Moral Panic and Othering Practices during Nepal’s COVID-19 Pandemic
The COVID19 pandemic which started in early 2020 has a major socio-economic impact through both the burden of the diseases as well as the consequences of lockdown and travel restrictions. The pandemic has also exposed serious inequities in access to health care facilities and delivery of services, especially for poorer and marginalised communities. The article outlines some of the key marginalised groups in Nepal, the history of the pandemic to date in relation to these groups. Next, we introduce the role of so-called fake news, in the form of misinformation and disinformation in the mass media and social media channels, and the fear, stigma and moral panic it seemed to create.
This resulted in our research aims, which are to: (a) explore the media’s role in creating public fear and stereotypes; (b) assess how migrants workers and Muslims perceive such rumours and responses, and their coping strategies and resilience; (c) explore the wider impact of such mis/disinformation and rumours and societal response; and (d) institutional responses.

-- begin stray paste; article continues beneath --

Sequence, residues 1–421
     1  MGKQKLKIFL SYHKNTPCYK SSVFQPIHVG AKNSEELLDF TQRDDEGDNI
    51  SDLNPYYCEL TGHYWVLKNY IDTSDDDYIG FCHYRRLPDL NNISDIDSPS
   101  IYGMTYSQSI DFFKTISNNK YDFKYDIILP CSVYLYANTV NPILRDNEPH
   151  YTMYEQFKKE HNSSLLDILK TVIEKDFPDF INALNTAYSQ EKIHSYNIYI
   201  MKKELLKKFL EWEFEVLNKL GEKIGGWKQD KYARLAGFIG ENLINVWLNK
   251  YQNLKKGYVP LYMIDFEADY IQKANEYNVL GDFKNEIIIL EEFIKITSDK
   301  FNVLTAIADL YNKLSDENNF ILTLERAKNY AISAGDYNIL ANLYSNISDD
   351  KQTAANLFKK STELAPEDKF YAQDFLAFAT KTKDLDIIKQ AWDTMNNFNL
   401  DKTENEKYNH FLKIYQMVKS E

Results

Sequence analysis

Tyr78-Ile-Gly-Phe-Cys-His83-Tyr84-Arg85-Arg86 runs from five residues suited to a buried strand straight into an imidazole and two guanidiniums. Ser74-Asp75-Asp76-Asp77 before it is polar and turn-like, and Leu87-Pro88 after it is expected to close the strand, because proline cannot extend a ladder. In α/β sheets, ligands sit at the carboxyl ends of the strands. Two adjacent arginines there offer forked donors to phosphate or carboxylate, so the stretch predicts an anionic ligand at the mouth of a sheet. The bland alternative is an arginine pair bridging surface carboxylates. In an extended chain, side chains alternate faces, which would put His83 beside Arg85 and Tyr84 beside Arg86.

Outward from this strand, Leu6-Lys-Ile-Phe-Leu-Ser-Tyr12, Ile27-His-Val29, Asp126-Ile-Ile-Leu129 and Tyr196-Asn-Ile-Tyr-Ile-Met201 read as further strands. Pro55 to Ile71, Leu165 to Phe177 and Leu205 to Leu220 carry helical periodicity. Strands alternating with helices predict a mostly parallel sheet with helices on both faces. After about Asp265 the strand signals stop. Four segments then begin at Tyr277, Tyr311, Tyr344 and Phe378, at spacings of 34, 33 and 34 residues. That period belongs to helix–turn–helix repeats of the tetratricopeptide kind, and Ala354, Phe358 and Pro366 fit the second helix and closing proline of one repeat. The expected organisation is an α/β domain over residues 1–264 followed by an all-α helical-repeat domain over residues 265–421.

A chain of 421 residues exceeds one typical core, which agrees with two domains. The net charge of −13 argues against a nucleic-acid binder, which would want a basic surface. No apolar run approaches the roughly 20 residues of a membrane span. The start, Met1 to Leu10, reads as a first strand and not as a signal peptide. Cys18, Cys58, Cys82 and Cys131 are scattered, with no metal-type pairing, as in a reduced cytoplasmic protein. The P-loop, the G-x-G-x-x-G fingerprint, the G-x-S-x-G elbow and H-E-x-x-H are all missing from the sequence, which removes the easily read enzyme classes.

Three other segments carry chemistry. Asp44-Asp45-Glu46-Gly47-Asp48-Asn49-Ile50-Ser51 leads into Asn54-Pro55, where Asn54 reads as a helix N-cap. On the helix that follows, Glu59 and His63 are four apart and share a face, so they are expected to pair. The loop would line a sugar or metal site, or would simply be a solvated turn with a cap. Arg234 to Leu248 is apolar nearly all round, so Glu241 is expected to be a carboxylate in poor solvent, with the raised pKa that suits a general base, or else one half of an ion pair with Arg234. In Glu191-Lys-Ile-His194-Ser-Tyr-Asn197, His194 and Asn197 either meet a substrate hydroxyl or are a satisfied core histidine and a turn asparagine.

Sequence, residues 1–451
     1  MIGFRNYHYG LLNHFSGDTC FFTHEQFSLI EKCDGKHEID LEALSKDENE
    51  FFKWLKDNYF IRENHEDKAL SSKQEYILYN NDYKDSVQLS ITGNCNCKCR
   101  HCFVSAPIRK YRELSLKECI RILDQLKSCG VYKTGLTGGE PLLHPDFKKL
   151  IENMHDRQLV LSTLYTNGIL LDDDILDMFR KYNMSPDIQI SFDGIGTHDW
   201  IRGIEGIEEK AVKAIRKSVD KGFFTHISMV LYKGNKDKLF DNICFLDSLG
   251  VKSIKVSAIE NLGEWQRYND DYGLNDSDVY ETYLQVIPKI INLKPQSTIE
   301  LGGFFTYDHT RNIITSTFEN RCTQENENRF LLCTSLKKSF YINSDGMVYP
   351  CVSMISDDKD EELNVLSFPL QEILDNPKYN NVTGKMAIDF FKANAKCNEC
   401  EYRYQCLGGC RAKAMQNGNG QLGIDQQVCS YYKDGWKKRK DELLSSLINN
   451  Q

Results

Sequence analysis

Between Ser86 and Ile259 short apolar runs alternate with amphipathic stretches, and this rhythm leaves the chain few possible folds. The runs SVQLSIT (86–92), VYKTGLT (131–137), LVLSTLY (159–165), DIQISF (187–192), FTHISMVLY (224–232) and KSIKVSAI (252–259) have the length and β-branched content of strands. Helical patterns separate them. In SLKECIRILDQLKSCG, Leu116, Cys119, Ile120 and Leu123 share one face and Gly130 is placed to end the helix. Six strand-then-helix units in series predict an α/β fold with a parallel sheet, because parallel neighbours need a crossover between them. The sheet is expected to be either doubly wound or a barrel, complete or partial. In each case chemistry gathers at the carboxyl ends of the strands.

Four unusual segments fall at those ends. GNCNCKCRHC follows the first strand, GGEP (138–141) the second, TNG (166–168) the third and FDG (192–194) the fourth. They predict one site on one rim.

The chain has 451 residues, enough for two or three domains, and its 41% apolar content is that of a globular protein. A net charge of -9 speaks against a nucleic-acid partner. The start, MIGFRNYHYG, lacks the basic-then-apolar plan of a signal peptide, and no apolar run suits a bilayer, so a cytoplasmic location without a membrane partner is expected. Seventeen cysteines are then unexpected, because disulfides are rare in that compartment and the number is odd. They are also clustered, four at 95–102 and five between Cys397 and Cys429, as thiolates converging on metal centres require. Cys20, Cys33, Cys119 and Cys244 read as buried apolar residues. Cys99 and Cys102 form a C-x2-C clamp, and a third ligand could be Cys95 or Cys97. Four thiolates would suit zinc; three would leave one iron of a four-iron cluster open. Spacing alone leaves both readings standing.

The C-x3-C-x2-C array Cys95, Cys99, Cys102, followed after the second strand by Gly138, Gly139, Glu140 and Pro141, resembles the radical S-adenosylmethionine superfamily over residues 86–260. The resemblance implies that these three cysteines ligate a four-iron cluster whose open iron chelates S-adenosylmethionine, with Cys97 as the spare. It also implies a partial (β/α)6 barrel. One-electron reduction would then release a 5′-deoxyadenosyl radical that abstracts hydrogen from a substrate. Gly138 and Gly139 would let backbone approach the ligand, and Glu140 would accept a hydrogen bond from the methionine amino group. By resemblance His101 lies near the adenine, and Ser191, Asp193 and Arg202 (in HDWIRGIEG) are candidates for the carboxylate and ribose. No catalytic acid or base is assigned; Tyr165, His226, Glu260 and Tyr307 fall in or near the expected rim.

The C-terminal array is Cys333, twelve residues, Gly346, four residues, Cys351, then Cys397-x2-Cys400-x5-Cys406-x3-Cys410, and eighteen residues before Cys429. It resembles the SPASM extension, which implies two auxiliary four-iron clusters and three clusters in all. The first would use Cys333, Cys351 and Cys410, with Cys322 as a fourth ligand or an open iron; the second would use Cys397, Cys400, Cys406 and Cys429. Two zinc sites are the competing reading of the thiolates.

Seven themes emerged from our interview data: a) rumours & mis/disinformation; b) fear & moral panic; c) health & social impact; d) othering practices-stigma, discrimination, abuse, humiliation, blame, social exclusion; e) resistance & resilience; f) institutional response; and g) preventive measures against rumour & mis/disinformation. And from our media analysis we distilled in six key themes: a) negative media tone; b) stigma, fear & panic responses in the community; c) inappropriate actions from officials & local representatives; d) demoralising, disrespect & criminal behaviour against returnee migrants & their families; e) impact on health care access & treatment of returnee migrants, and f) response & resilience.
Some of these findings are addressed in more detail in this paper which closes with some final considerations that include COVID-19 vaccine hesitancy.